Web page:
It's hard to imagine a tougher week for Mark Zuckerberg and Facebook. The whistleblower talked to Congress, painting a damning picture, putting profits before safety. To top it off, Facebook scored an own goal, taking the entire network offline for over 5 hours!
Big Trouble In Little DC for Zuckerberg
This has been a tough week for Facebook. It may even turn out to be a pivotal one: Facebook's tobacco moment!
The build-up started last month when the Wall Street Journal ran a series of articles called The Facebook Files. They reported on internal Facebook research and the insight of a whistleblower who appropriated documents to support her claims.
The whistleblower's central claim was that Facebook knowingly put profits before safety. That they knew of the hate, misinformation, and conspiracy on the platform and they chose to ignore it.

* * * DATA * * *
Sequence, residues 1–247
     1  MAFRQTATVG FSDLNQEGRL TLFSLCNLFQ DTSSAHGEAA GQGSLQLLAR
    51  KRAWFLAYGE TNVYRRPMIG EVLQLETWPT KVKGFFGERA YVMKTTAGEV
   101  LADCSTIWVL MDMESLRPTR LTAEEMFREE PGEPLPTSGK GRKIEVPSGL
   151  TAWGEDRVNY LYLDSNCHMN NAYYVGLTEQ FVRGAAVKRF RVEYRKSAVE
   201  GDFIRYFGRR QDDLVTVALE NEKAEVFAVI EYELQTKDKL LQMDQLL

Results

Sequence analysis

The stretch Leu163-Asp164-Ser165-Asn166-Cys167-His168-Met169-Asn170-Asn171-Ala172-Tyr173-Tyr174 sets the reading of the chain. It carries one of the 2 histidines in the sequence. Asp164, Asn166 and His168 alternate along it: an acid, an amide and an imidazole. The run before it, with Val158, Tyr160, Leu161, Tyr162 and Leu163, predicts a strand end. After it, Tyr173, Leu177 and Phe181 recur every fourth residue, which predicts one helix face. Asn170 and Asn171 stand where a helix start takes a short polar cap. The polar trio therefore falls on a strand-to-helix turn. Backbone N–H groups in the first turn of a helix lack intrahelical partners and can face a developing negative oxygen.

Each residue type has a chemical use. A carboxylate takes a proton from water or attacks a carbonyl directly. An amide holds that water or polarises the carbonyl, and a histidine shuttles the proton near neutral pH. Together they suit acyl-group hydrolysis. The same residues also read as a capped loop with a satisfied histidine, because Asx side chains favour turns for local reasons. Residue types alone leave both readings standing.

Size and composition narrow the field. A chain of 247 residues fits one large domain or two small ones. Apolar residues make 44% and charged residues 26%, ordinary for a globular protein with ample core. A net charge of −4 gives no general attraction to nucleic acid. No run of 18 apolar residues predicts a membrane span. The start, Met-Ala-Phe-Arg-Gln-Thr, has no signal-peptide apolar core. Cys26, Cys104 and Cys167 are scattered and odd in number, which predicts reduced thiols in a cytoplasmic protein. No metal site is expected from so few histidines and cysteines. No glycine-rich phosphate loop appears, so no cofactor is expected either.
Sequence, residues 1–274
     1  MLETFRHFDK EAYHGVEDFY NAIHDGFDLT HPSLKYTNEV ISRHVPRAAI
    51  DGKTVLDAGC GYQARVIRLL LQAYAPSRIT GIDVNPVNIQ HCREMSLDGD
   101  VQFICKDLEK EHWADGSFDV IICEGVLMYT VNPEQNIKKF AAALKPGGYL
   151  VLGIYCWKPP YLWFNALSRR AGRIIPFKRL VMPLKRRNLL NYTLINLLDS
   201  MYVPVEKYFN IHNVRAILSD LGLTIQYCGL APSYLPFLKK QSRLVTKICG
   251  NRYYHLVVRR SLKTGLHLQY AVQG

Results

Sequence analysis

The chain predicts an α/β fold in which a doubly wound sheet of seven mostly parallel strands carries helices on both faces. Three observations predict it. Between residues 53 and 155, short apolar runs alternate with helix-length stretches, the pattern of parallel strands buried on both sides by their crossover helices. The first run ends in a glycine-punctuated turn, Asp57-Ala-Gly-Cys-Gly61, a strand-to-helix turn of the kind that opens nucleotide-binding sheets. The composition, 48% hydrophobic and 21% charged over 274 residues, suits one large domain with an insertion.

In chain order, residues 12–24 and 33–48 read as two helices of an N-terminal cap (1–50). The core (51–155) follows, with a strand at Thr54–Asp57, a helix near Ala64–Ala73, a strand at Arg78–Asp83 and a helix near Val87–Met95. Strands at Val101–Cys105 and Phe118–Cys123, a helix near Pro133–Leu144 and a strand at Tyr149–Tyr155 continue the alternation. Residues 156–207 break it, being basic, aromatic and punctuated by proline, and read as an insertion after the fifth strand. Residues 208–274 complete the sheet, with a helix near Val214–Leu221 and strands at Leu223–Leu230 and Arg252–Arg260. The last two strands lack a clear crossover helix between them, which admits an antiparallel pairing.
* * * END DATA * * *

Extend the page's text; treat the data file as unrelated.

Worse, the Facebook executive chose to deliberately mislead and hide the findings of their own internal research.
This was all damning stuff reported by a team of highly credible investigative journalists.
That was until the whistleblower appeared on CBS' 60 Minutes last weekend. Facebook responded with a fairly bland (and, IMHO, weak) PR statement saying that nobody was doing more than Facebook to eradicate bad behaviour in the world.
Then came Congress on Tuesday. In front of a US Senate subcommittee, the whistleblower, Frances Haugen gave her testimony and answered questions from US lawmakers.
This was damning for Facebook. Ms Haugen testified about;